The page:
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Does anybody know why this below code prints 0 and 1 rather than 5 and 2, in csharp similar code would print 5 and 2 and I am just trying to work out the logic here.

class Myclass:
    a = 0
    b = 1 

def foo():
    for x in range(1):
        for y in range(1):
            myclass = Myclass()
            if y == 1:
                myclass.a = 5
            if y == 1:
                myclass.b = 2

    for x in ClassList:
        print x.a   
        print x.b

ClassList = []
share|improve this question
at the end y=0 cause range(1) returns [0] and x is myclass –  Pradyumna Dec 31 '12 at 3:49

2 Answers 2

up vote 1 down vote accepted

The reason is that range(1) returns [0], not [0, 1], so your y == 1 test never evaluates to true.

Also, you're appending Myclass rather than myclass -- that is, the actual class, rather than the instance you created -- to the list, so you're always printing the unmodified a and b from the class.

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Because y is never 1:

>>> range(1)

What you want is range(2)

And just incase you are not aware... currently you are using a and b as class attributes as opposed to instance attributes. For your specific case of doing value assignments, you won't see a problem, but if you were to have defined say, dictionaries or lists, and were changing keys/indices of those objects, it would be the same object shared across all of the instances.

class Myclass(object):
    a = []
    b = {}

obj1 = Myclass()
obj2 = Myclass()
obj1.b['biz'] = 'baz'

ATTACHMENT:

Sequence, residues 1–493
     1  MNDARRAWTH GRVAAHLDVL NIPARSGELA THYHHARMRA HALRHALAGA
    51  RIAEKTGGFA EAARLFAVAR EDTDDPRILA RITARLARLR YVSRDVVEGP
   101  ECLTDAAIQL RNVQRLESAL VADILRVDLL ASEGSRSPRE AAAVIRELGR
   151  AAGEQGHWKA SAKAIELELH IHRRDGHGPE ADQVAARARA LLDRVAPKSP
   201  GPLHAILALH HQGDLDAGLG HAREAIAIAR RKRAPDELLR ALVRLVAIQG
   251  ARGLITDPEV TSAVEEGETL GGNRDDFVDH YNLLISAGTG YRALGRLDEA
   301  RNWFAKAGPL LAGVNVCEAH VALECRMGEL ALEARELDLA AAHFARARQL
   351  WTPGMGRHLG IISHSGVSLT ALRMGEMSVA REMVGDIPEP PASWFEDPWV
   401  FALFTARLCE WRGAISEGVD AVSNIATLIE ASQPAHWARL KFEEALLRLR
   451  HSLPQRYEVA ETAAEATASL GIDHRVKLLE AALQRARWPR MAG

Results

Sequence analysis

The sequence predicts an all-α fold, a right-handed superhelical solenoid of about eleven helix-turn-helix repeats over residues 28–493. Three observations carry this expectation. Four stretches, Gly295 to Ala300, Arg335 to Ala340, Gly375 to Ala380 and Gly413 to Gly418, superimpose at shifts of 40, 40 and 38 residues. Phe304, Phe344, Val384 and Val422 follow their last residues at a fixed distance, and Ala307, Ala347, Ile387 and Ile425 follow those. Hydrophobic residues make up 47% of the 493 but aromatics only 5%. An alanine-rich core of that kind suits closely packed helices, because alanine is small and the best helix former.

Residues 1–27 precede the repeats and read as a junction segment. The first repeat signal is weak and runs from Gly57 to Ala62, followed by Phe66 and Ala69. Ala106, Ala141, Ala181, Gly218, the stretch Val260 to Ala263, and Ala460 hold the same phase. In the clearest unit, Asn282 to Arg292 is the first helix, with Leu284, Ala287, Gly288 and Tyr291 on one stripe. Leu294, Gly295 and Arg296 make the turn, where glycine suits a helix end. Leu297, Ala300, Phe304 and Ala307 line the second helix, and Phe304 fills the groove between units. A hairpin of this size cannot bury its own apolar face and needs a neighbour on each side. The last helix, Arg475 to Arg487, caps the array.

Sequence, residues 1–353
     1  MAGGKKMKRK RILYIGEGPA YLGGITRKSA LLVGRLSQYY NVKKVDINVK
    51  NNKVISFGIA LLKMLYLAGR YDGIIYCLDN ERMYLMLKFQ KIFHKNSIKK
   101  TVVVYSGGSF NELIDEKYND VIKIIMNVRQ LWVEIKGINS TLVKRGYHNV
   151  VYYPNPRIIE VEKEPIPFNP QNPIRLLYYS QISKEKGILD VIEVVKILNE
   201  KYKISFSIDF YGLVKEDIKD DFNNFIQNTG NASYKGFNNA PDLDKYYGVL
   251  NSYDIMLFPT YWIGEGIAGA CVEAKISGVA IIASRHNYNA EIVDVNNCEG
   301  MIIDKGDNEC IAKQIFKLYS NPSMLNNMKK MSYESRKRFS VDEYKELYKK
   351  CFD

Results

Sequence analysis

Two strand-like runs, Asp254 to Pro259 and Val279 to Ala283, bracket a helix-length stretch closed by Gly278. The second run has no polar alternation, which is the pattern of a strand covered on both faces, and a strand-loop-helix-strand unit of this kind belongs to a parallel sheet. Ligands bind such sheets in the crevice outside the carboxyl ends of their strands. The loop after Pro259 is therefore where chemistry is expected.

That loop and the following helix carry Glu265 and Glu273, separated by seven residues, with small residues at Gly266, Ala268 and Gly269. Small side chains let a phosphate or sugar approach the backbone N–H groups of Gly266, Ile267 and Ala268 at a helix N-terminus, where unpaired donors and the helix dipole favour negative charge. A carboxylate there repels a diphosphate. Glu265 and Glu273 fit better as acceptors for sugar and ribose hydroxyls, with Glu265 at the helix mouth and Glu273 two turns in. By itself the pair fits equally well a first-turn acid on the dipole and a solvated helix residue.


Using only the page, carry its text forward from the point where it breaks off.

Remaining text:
print obj2.a
# ['foo']
print obj2.b
# {'biz': 'baz'}

... vs instance attributes

class Myclass(object):
    def __init__(self):
        self.a = []
        self.b = {}
share|improve this answer
"This means settings myclass.a = 5 will set it for the entire class, shared." <-- This is not true. Evaluating myclass.a = 5 will always modify the instance's __dict__, regardless of whether the name is defined in the class' __dict__ or not. –  Dolda2000 Dec 31 '12 at 3:46
I was just about to delete that. int is immutable. If OP were using a list or dict it would matter. –  jdi Dec 31 '12 at 3:46
No, it would still not matter. –  Dolda2000 Dec 31 '12 at 3:47
I understand you mean assignments. I am simply pointing out that the OP is using class attributes in case they were not aware. Doing something like myclass.aDict['foo'] = 'bar' would be shared among all the instances. –  jdi Dec 31 '12 at 3:48
Sure enough, that is true. Not because int is immutable, though. –  Dolda2000 Dec 31 '12 at 3:49

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